College of Liberal Arts and Sciences Professor Howard Good’s meditations on the literary genre known as flash fiction appeared in author Michael Alexander Chaney’s web blog, michaelalexanderchaney.com.
Good described his own work in the genre as “prose poems,” that are unconstrained by conventional definitions of character or plot.
Good considers his work, “My Heart Draws a Rough Map,” published by Blue Hour Press in 2009, an example of an extended prose poem. The book is told in a series of 19 related poems.
“I realized for perhaps the first time that I had found a form that was particularly congenial to my outlook and talents,” Good wrote.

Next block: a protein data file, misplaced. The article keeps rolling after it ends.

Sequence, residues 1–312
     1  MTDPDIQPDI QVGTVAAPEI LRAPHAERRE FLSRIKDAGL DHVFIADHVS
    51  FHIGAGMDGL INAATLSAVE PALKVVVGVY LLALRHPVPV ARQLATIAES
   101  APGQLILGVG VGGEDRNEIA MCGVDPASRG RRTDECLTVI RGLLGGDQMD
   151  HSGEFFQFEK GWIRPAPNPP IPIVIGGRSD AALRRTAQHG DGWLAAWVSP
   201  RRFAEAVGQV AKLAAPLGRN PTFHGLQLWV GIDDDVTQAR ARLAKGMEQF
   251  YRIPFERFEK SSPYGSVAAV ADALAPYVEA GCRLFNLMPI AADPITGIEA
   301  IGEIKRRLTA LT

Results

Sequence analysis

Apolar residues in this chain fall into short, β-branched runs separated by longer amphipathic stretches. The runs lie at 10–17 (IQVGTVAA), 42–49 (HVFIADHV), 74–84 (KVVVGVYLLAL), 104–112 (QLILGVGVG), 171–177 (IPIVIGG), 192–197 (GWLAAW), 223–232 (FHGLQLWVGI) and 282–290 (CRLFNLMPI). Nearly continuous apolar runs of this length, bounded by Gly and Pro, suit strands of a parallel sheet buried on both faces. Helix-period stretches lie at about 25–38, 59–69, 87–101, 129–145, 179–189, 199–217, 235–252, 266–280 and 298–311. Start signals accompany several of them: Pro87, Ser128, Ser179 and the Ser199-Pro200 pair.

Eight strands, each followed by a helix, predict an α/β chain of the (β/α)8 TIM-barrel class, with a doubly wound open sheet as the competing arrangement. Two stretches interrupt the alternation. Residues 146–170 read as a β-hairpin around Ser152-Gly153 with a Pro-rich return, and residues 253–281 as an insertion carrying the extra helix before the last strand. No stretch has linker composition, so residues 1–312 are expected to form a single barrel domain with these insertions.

While noting the difficulty of offering advice to young writers, Good urged writers to be willing to take risks.
“They shouldn’t be afraid to experiment — and fail. Trial and error can be a pretty good teacher. Refining my writing has proved to be a never-ending process. It’s searching in the dark for a black hat that isn’t there,” he wrote.
Good also urged young writers to submit their work for publication, the sooner the better. The submission process, Good noted, “toughens [writers] up for the inevitable bumps and bruises of a writing life.”
Good, a journalism professor at the State University of New York at New Paltz, is the author of 12 poetry chapbooks. He has been nominated four times for a Pushcart Prize and five times for the Best of the Net anthology. His first full-length book of poetry, Lovesick, was released in 2009 by Press Americana.
To read Good’s complete article, visit http://michaelalexanderchaney.com/2013/12/18/your-first-flash-publication-8-amazing-writers-respond-with-advice-for-your-first/.